To provide the ICW-CIF with additional resources to achieve these goals, Mdm. Lydie Rossini van Hissenhoven, Patron of the International Council of Women, made a bequest to ICW-CIF, The Lydie Rossini Fund, and stipulated that the funds be used for development projects in favour of women and girls around the world.
ICW-CIF granted fund to NCWI against the project submitted in May 2016. They informed that we would receive total grant of 4,500 Euros in two installments. We are grateful to them that we have already received 1500 Euros from ICW, after deducting NCW of India affiliation fees of 1000 Euros for 2015 & 2016. Second installment of 2000 Euros will be received after the satisfactory report of the project, which is fair enough.
As It was decided the project will be executed both in Shimla & new Delhi simultaneously at their respective centers.
With this fund we have purchased :-
- Total 4 Embroidery machines (2 for Shimla & 2 for New Delhi)
- Appointed two teachers. (1 for Shimla & 1 for New Delhi)
- We have bought miscellaneous items like cloth, frames, scissors, needles, threads, tracing paper, drawing sheets, inch tape, scales, pencils, erasers for total 41 underprivileged students
Initially testing program was done to judge inclination of the students.
It was quite encouraging to overall enthusiasm of the students and the teachers to participate and also enroll for the courses offered by making use of the new technique of embroidery through machines. Within a span of 4 months time the students have learnt and prepared their stuff for display.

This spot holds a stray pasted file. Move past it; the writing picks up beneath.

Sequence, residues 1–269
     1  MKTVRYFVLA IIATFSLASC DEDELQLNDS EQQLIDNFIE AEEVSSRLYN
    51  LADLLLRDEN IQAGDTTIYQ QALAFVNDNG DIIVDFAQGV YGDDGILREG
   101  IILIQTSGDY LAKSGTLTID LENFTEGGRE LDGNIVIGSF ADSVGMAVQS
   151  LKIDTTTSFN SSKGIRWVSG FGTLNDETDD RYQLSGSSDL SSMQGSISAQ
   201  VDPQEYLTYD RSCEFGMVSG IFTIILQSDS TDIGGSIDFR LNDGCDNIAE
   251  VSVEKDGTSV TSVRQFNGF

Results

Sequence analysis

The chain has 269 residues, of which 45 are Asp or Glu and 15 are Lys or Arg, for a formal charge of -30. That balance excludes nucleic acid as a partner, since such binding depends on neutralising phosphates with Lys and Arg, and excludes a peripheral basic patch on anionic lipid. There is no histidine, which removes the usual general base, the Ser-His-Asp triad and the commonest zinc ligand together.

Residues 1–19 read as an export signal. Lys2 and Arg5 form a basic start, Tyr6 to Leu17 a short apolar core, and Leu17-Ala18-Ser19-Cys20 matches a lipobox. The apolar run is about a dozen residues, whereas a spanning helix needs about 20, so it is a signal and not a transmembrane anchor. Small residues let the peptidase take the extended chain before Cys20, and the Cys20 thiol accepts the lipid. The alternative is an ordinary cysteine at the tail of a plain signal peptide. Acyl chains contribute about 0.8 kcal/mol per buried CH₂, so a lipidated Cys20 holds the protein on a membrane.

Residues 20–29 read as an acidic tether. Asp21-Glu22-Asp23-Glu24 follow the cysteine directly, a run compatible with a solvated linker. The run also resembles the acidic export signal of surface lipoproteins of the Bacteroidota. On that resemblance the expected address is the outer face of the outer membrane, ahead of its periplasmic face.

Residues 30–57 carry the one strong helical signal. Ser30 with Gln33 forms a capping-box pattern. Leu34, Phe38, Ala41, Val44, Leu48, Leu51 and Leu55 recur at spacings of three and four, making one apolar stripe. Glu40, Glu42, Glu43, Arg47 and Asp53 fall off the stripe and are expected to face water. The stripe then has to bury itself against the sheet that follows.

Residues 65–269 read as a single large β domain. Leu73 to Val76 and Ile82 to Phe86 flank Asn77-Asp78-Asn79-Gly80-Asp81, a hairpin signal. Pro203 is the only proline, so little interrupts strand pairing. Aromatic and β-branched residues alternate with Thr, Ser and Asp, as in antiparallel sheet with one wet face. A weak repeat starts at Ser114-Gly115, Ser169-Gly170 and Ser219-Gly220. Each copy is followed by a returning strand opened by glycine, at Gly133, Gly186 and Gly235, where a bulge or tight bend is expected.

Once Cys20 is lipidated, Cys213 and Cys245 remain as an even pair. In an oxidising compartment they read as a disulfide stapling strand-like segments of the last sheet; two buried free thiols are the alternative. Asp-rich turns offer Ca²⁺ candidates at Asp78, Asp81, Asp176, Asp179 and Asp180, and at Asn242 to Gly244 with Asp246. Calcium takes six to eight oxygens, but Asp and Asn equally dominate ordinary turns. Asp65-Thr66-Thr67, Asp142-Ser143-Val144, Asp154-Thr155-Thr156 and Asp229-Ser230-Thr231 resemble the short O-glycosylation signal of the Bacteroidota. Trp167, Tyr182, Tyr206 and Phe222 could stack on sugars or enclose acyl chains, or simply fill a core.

The display was organized in an impressive manner in the summer camp show of the Delhi State Council of Women. This was a sort of show case of the talent developed by the students during their training period, which was highly admired & became popular with audience, the parents of the students & the members.
Teachers and girls working with the four machines
A completed garment
A catalogue of PNG women contesting the 2017 national election
WHEN it comes to Papua New Guinea politics, it always seems to be the men’s game: a dirty little game where women don’t stand much of a chance.
That’s why you hardly hear women talking politics; because they tend to believe the position of women is the kitchen or household. Women are also often regarded as weak decision-makers. Things are changing, thanks to education, and women are coming out alongside their male counterparts.
But PNG women still face several obstacles to participation in political life due to cultural and economic barriers. Contesting against men is not easy because women do not often receive the support they need to compete. And voters do not fully appreciate the benefits of having a mix of men and women in government.
Every national election, the candidates’ posters plastered throughout the provinces show few female faces. This year there has been a slight – a very slight – increase in the women running for office: 33 more than in 2012 to make a total of 169 in a field of about 3,000 candidates.
The Southern region has 60 women candidates, then Momase with 47, Highlands with 43 and Islands with only 19.